Also, it’s not helpful to call a week after I’ve written a story on, say, investing in some exotic instruments – investing in sub-Saharan Africa, for instance – and tell me, “Hey, I’ve got someone who invests in those instruments. Do you want to talk with him?” No, I probably don’t, because I already wrote that story, and I’ve moved on. I once did a story for the WSJ about investing in golf courses – and I don’t play golf, or know anything about it – and for the next four months I got approached about talking to experts who invest in golf courses – or people who wanted to sell their golf courses – countless times.

The last thing you want to do is make me part of a blast email solicitation. If I think you’re pitching three competing publications with the same proposal, I’m not interested. We never want to be second with a story.

What type of experts do you prefer to use?

Well, that’s a tough question to answer informatively. If I’m doing a story about a trend in private equity – the IPO market has effectively closed down, so how will PE firms monetize their assets? – I’d like to talk to PE professionals, but also securities lawyers and professors of business. If it’s regulation, I’d want more lawyers, and preferably those with some regulatory experience in their background, but also consultants and accountants. If it’s fund raising, I want institutional investors, as well as fund formation advisors. Understand the story – even if I have done has sloppy job of describing the thesis, which happens an unfortunate number of times – and figure out how your client fits in the narrative.

Not all journalists like social media – how do you use it and is it something you enjoy using?

I’m not personally a significant generator or consumer of social media. We have professionals on staff who tweet our content.

Can you tell us about one of your most unforgettable experiences as a journalist?

Obviously, the aftermath of 9/11 was unforgettable, as – from a business journalists’ perspective, and not a humanistic one – I was reporting on how the capital markets were trying to put themselves back together. But everybody has a 9/11 experience. I’d mention the day, during my time covering the equities market, when the market went into such a dramatic decline that it triggered the so-called trading curbs on the NYSE and halted trading for the day two hours before the market would otherwise have closed.

There was just chaos; as this happened so infrequently, very few people knew the rules, and the ones who did weren’t available. (They were busy trying to fix the problem.) It was a fairly remarkable day. We sent out headlines on the newswire within a second after trading was halted. 

What advice can you give for someone just starting their journalism career?

Two words: Business. School. Seriously, journalism is a tough business these days. Journalism is going through a structural change: the evolution from the print/broadcast model to the digital/video model has revolutionized journalism, much the way the advent of television affected news reporting on radio. I talk with the people who started in the business when I began my career – when print or broadcast ruled, and there was no such thing as the Internet – and almost to a one, they say if they had anticipated the evolution of the industry, they might have chosen a different career. If there used to be two or three newspapers in a metropolitan area, or three local newscasts, there are now thousands or tens of thousands of digital news outlets for the same audience. Reporting, and reporters, have become commoditized. Even though the dislocation began more than a decade ago, the business hasn’t fully figured out how to deal with it. How does a publisher monetize a news site? (Analog dollars equal digital dimes.) What impact does that have on the paychecks of a journalism enterprise’s staff? (Hint: it’s not constructive.)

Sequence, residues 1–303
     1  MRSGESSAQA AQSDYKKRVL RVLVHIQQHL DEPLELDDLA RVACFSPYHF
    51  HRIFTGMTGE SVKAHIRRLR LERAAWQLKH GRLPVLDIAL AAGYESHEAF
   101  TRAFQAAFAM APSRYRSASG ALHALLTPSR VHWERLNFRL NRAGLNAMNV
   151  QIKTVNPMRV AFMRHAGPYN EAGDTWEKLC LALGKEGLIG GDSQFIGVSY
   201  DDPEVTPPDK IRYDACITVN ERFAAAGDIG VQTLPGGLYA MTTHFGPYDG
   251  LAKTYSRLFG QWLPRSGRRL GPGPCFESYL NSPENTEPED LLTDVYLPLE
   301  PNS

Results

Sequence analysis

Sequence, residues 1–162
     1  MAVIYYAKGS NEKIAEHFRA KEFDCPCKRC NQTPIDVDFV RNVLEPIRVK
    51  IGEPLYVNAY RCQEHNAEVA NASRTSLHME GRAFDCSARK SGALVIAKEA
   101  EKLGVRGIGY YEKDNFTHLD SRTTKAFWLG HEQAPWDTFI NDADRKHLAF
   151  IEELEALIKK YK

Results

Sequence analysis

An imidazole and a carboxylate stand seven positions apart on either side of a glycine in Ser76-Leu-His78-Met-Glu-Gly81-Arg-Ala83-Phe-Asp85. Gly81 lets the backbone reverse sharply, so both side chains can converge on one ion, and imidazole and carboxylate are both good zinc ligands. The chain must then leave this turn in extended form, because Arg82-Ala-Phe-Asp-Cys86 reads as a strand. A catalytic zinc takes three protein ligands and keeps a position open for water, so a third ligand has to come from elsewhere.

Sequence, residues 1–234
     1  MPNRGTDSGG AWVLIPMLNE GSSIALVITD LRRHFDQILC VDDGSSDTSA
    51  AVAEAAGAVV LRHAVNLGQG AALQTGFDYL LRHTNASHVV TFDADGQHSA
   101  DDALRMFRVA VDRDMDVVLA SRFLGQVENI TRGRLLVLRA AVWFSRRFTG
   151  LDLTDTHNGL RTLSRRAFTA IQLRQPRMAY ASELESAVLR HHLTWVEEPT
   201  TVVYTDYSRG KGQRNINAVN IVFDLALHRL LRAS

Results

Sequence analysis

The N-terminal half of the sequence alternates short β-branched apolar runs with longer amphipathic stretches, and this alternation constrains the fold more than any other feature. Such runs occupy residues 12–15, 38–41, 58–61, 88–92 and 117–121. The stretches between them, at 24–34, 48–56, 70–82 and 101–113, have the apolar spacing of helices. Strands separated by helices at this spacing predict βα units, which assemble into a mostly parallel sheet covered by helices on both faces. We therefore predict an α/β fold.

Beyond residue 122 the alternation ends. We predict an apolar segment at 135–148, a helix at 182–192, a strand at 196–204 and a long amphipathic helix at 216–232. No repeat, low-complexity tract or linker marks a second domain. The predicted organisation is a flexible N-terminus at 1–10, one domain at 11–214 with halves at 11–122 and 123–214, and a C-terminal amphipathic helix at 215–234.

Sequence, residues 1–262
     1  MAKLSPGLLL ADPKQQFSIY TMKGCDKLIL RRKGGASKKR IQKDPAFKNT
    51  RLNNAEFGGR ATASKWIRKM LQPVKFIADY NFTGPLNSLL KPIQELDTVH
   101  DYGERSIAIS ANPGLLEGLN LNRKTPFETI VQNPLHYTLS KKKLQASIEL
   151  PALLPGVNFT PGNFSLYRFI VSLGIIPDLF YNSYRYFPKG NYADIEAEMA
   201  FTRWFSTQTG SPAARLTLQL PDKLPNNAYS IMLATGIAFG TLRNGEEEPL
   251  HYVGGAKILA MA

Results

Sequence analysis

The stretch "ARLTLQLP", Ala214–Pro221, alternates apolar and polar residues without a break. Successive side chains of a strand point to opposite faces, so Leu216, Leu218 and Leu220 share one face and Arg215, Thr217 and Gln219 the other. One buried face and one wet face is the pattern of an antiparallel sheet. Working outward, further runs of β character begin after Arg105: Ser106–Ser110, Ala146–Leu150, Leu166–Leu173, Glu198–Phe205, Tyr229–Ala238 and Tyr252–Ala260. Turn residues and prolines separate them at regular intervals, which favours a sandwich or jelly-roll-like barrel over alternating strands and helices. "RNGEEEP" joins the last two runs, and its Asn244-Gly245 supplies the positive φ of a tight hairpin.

That said, if you’re starting out, the current conditions are apparent. So you’re going in with your eyes open. Be realistic about your ambitions. You might have to accept a job that doesn’t align with your interests. Sure, you know a lot about music. Or films. Or pop culture. Saying, “I could be a music critic” is tantamount to saying, “I like living in my parents’ basement as a 30-year-old.” (The corollary to the old joke that saying, “I’m an actor” garnered the reply, “Really? What restaurant do you wait tables at?” is saying “I make YouTube videos for a living.”) Coverage is increasingly stratified: where The Wall Street Journal once covered all of Wall Street, in its many permutations, now that landscape is covered by literally thousands of digital publications. The need for specialized information has grown exponentially. Which is good: thousands of sites means lots of job opportunities. But it also means cutting a compensation pool into smaller and smaller slices.

Not to be completely curmudgeonly or pessimistic: content is king. Find a role where you can excel. Find a voice that distinguishes you from the pack. (And – if you haven’t already – learn to type, spell and write a grammatical sentence.) Even if your ambition is to be in front of a camera: everybody multi-tasks these days. So learn to write. (And if you plan to write, learn to talk to a camera.)

How do you see journalism in 10 years?

Vastly different. I’d say almost entirely mobile, presuming technology advances beyond the pad/phone platform, which certainly seems likely. Content carried on something akin to a very sophisticated Google Glasses platform? I wouldn’t rule it out. Physical newspapers and television screens largely disappear? Could well be. Journalists may also be less of a filter that stands between newsmakers and news consumers. The latter may simply be able to access those news events on their own. Watching an ECB meeting live, virtually attending a White House press briefing, joining a rally for whoever succeeds President Trump. That doesn’t mean that journalism, as we know it, disappears. It just may make the journalist purely an analyst, rather than someone reporting breaking news. There will always be a role for fact-checking and for someone to shine a light on news makers.

Whether you’re a reporter, blogger, author or other content creator, ProfNet can help you with your search for expert sources. Send a query to tens of thousands of experts and PR agents to find an expert you can quote on virtually any topic. The best part? It’s free! Start your search now: Send a query.

Evelyn Tipacti is a audience relations specialist at ProfNet. She is a former broadcast journalist with years of experience behind the television camera and radio mic.